“It was a couple days later that the individual was deceased. So, it’s that full sequence of events that is the subject of an investigation to see what, if any, other charges might be appropriate,” said O’Keefe.

If the assault is found to have played a role in Lew’s death, it would make it the third worker in a local mental health center to have been killed by residents in the past four months.

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November 18, 2010

Increasingly, nurses facing violence on the job

Here is another article that lies out the problem with violence that nurses and nursing staff are dealing with.  This is a good, but long, article and I hope you will click over to read the entire thing.  Nurses should not have to wonder if going to work will mean a loss of livelihood or worse, a loss of life.

This article is from The Philadelphia Inquirer.  Please do go to the site and read the next page.


By Jane M. Von Bergen

Inquirer Staff Writer


Amber Knierim, 20, wanted to be a nurse when she grew up, her MySpace profile says.

Instead, she’s in jail for beating one up – a Temple University Hospital emergency-room nurse who was attacked when she tried to keep Knierim from grabbing needles from an empty examination room on June 21.

“She picked the wrong person to mess with,” said Joan Meissler, 53, of Northeast Philadelphia, now working on light duty until she heals from the beating that wrecked her finances and left her in permanent pain, angry, and disheartened.

On Wednesday, 180 nurses and other health-care workers will convene in a ballroom at the Philadelphia Airport Hilton for a booked-to-capacity session on workplace violence for health-care workers, sponsored by the Pennsylvania Association of Staff Nurses and Allied Professionals, a union.

“It’s a national problem,” said union president Patricia Eakin, adding that she did not want to single out Temple. Eakin, a nurse, an emergency room colleague of Meissler’s, was on duty the day Meissler was attacked.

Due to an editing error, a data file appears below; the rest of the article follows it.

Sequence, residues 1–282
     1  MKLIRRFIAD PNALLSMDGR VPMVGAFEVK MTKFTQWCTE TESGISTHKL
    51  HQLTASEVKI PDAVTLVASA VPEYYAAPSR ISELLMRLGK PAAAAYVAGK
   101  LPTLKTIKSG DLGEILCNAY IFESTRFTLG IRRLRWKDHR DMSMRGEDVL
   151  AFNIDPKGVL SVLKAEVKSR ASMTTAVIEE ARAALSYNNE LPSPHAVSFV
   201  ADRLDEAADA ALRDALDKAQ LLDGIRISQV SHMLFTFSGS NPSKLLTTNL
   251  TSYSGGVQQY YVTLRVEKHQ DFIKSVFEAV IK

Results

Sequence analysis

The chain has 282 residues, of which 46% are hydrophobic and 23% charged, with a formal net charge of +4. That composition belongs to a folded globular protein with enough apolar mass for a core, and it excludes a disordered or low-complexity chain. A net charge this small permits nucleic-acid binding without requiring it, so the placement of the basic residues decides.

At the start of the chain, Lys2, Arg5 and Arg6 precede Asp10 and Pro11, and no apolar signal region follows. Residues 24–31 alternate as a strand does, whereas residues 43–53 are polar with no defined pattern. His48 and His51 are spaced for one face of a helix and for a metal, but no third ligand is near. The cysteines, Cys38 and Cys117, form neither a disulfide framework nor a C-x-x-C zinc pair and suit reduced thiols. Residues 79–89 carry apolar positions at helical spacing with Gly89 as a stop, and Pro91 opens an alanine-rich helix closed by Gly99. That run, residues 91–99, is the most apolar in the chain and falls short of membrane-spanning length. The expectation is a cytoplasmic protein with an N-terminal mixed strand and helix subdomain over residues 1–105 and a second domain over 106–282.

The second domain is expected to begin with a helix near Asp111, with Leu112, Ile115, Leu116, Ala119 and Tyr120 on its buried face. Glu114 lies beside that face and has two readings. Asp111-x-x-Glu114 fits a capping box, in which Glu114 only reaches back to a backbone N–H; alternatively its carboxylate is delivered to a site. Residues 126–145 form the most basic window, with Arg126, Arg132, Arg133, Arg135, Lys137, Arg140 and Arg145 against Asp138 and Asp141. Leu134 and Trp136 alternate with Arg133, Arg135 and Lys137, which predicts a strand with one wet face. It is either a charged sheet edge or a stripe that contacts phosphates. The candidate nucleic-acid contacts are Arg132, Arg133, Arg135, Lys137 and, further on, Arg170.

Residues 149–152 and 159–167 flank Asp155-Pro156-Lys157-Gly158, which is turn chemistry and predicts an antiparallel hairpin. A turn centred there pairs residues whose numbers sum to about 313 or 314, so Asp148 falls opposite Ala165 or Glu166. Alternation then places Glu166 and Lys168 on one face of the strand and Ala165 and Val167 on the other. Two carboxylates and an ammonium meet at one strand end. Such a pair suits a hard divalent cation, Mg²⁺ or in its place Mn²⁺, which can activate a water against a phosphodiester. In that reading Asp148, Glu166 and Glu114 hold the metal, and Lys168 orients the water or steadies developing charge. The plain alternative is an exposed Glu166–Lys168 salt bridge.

Meissler wants Temple to erect a billboard in the neighborhood with two pictures on it – hers and Knierim’s. “Temple needs to send a message to the community,” said Meissler: ” ‘Lay a hand on one of our staff members and you’ll spend the next five years in jail.’ ”

The U.S. Department of Labor Tuesday released 2009 statistics that ranked paramedics and nursing aides as being the workers most likely to miss work because of injuries. While most of the injuries come from overexertion caused by lifting, there are 38 incidents of violent assaults per 10,000 nurses aides.

The only occupations that face a greater likelihood for assault on the job are police and correctional officers.

Between 8 percent and 13 percent of emergency-room nurses are victims of physical violence every week, according to a survey released in September by the Emergency Nurses Association, a professional group in Illinois.

Why is the work so dangerous? Nurses and experts point to a number of factors.

First is proximity. “We as nurses are hands on – to touch and be touched,” said nurse Christine Pontus, occupational health and safety director for the Massachusetts Nurses Association and one of the national leaders addressing the issue. “The boundaries are not as clear.”

Pressed to reduce expenses, hospitals have been cutting back on nursing and security staff at a time when the number of uninsured using emergency rooms is growing. Those same budget constraints are limiting options for treatment and care of the mentally ill and addicted.

Unemployment and the economy has exacerbated stress among the general population, with that tension manifesting itself in hospitals, where frustrated patients and their families waiting longer for treatment tend to lash out at staff members.

Most of the violence is by patients or their families against nurses and other staff, according to the Emergency Nurses’ survey.

Many hospitals don’t have complete safety plans that include adequate staffing, consistent and frequent use of security wands and metal detectors, training in violence de-escalation, safety committees with worker representation, emergency-drill sessions, and analysis of unsafe conditions.